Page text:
Many thanks to all of you who sent along photos, contributed ideas, and commented in November.

Barney Turecamo with barge Georgia  and

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Buchanan 12 light, under the same wintry sky.  The last time I saw the 12 was back when tugster last took a swimming day.  I’d love to see the high and dry hulls of Barney and Mary.

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Franklin Reinauer and Taft Beach leaving Erie Basin and

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Franklin here refueling with Ruth M.

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Robert E. McAllister, passing where warehouses are being transformed into park equipment and

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Passing the cranes at the former Military Ocean terminal it’s Mary Gellatly and headed the other way

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Marjorie B. McAllister.

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Joyce D. Brown westbound past IMTT and here a few minutes later Joyce with

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Meredith C. Reinauer right behind.

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Shelby slings some barges and

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magnificent Maryland –as seen from a low angle–made to the dock.

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A Vane unit . . . I don’t recall and can’t identify . . . a few minutes after sunrise.

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All fotos taken the past month by Will Van Dorp.

As I scrambled away from the train, Meredith C. Reinauer ruffled the glassy calm of the river at the Rondout  Light.  Here long ago the Delaware and Hudson Canal completed its 108-mile journey from coal country to what was then the fast river transport to sixth boro coal market.

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And here waiting for me was my flesh-and-blood sister and brother-in-law and their Maraki, which they sailed around the world in the 1990s.  See their newly-inaugurated blog here.

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This was an opportunity, to rediscover the Hudson Valley with them, after all we never see or step into the same Hudson twice.  I’ve seen Esopus Meadows light many times before, but

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have never passed the volunteer boat.

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When last I saw this “castle,” it was a Redemptorist retreat center, but now it’s something different.

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It was gratifying to see the pilotboat John E. Flynn on station at Norrie Point.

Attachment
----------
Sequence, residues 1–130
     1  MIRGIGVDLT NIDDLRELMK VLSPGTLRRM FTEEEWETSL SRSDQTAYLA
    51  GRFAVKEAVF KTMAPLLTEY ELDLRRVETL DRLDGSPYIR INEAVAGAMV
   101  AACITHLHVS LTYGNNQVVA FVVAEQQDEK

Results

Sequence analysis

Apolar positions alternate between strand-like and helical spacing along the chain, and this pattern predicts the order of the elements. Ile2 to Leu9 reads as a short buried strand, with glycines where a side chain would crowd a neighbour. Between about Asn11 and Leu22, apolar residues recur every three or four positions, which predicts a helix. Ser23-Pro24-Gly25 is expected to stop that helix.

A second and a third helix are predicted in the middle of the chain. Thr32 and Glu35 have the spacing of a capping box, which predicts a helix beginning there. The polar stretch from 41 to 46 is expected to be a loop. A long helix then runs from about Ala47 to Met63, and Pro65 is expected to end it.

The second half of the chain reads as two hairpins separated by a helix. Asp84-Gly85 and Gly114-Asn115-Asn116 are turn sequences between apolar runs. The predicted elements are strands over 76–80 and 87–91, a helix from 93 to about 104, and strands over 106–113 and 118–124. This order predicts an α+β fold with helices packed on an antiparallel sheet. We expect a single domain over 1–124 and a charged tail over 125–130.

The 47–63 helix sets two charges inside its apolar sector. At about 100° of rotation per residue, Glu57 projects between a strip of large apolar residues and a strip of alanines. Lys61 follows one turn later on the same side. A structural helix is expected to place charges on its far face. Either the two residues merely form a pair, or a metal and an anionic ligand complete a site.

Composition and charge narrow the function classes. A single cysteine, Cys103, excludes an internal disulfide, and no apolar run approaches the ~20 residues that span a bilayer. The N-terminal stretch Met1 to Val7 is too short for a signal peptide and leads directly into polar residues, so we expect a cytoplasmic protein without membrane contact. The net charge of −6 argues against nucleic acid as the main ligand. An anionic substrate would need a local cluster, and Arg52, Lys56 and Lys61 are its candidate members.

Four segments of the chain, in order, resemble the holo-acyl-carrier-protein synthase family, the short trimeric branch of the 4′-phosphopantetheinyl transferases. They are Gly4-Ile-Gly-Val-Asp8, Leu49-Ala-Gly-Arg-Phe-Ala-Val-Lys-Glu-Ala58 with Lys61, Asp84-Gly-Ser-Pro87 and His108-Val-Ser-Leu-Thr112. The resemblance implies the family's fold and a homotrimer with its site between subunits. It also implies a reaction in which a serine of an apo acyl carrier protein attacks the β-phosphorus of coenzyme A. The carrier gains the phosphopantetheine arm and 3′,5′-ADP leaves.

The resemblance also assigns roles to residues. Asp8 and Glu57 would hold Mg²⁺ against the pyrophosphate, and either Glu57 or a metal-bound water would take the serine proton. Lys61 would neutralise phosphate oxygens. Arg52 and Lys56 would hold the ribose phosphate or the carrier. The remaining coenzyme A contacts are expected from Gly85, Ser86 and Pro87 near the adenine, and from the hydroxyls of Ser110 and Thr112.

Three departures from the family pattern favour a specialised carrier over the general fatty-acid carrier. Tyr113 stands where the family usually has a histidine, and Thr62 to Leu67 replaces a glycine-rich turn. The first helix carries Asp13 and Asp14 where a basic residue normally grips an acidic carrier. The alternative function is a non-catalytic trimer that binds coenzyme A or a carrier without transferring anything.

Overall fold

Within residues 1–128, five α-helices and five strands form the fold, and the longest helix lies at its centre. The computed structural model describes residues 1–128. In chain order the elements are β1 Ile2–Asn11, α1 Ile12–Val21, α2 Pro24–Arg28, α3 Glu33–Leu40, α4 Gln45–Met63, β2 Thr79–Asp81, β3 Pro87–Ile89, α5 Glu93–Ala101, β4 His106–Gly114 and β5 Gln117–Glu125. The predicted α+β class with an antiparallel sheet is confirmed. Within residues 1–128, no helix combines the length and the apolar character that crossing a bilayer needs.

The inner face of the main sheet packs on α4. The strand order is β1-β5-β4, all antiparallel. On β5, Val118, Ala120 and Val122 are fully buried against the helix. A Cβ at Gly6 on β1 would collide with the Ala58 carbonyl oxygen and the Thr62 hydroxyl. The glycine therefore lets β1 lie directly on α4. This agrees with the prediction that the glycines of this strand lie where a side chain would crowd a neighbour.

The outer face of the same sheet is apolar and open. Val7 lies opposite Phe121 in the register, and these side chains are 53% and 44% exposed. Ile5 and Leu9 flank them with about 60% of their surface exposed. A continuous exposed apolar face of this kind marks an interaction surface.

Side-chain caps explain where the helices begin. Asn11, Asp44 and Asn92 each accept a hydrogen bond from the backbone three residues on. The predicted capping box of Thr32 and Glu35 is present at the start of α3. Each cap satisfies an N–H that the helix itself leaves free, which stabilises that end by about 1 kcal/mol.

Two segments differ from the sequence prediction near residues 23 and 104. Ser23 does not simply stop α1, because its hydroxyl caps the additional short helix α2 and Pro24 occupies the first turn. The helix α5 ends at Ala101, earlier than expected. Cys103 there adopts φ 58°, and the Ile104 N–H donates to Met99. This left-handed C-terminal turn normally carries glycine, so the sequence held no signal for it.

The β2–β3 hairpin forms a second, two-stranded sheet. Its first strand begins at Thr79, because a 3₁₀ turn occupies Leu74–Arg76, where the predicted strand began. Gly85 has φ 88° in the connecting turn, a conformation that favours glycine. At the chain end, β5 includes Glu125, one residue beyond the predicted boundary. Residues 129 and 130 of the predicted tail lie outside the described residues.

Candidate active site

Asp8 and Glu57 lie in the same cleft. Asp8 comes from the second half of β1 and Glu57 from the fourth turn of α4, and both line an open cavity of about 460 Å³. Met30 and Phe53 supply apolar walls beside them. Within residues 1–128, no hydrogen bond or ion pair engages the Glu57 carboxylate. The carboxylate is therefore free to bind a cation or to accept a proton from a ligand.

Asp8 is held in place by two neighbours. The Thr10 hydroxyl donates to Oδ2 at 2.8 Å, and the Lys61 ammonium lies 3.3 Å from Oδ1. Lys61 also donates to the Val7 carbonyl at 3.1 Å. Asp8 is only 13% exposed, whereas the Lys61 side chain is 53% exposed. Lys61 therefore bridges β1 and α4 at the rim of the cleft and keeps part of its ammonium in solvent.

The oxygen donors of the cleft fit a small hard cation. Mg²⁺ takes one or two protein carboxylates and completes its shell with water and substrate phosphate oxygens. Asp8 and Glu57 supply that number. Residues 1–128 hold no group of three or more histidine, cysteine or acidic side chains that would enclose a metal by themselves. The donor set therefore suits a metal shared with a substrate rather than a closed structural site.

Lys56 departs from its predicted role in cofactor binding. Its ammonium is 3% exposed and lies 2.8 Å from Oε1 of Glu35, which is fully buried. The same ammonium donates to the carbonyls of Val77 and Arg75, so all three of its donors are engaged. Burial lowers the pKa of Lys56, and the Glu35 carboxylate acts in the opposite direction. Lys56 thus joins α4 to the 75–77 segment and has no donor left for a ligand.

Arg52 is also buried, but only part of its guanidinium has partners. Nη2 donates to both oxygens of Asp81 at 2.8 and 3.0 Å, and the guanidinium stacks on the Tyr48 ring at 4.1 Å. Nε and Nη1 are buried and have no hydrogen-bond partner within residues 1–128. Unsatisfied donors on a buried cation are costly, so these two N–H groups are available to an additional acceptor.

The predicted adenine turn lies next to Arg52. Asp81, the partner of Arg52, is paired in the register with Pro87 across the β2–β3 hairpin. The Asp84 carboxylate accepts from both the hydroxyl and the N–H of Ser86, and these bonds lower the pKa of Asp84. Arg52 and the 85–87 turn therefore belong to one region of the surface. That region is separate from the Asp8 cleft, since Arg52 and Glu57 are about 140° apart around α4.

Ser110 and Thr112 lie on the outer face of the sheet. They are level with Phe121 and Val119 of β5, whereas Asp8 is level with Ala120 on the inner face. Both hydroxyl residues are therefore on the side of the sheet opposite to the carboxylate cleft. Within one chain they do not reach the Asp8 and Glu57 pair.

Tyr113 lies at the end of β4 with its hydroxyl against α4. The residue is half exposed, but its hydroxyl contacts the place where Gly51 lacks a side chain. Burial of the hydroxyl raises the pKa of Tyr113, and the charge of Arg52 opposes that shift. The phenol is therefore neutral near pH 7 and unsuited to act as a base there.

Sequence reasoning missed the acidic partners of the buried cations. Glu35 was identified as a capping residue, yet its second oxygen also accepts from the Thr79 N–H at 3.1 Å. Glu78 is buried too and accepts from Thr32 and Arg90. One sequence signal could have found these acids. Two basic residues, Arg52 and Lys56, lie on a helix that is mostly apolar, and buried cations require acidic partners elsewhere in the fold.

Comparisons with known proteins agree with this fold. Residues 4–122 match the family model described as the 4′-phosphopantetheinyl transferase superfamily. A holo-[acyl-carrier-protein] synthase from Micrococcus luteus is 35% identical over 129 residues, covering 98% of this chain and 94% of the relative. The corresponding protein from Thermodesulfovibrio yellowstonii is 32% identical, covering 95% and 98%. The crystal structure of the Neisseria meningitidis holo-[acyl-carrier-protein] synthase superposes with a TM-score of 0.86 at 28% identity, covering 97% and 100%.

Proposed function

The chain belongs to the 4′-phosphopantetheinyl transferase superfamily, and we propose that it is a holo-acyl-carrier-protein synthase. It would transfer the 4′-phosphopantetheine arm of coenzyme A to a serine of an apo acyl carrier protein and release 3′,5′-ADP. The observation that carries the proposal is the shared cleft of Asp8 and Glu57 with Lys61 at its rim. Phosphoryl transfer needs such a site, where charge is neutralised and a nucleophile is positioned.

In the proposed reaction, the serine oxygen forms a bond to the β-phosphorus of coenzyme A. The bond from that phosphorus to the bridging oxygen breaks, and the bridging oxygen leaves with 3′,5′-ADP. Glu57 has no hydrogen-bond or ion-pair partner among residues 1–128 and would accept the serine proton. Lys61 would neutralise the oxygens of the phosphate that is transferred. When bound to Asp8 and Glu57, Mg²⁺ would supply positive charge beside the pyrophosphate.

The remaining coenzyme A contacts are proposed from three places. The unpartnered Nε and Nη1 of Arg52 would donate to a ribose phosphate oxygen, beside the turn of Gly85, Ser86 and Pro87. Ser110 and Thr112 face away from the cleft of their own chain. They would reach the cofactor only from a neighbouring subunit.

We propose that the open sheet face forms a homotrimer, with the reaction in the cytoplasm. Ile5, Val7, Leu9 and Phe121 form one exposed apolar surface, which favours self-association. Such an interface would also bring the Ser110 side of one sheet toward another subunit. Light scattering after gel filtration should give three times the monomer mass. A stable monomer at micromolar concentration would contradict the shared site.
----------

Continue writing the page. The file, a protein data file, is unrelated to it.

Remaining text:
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The last time I recall seeing this house in Hyde Park I’d not sensed it would rival the other mansions there, like the Vanderbilt and the FDR (currently closed because of the shutdown! !@!@##) homes.

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Maraki and Grande Caribe had last crossed paths on the Erie Canal.   More large sightseeing vessels on the Hudson soon.

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Maraki had sailed under this first bridge when it was still a disused rail structure.

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!@#@!  ?  pirate canoe club?

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OK . .  I had to put up another foto of Patricia.

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The Hudson Valley is a spectacular place.  More soon.  A version of it . . . in print . . . check out T. C. Boyle’s World’s End.

All fotos by Will Van Dorp.

Here was 2, nearly three years ago.  I could also call this “some of the parts,” which is what I show . . . and you guess the rest.

We start with an easy one;  answer will be clear once you get through a half dozen or so.

The ladders are distinctive.

I airbrushed out the first name.

If you were out on the sixth boro today, you might know these next ones.

The gray one is Newtown Creek.

Not the same vessel as above.  Note the light at the Narrows far right.

Purrty sail!  And then the answers.

Top one was the schooner Pioneer.

Meredith C. Reinauer

Joan Turecamo

BW Hudson

Han Jin Chittagong

Basuto     Now I want to know what the relationship is between Stolt and Unicorn . . .   And Basuto is a South African word.

Stolt Efficiency

“Gunboat” catamaran Tiger Lily

And here’s the prize for putting up with my format:  America 2.0 heeling over in the stiff breeze of the Upper Bay this afternoon.

All fotos taken today by Will Van Dorp, who didn’t even expect to be here today.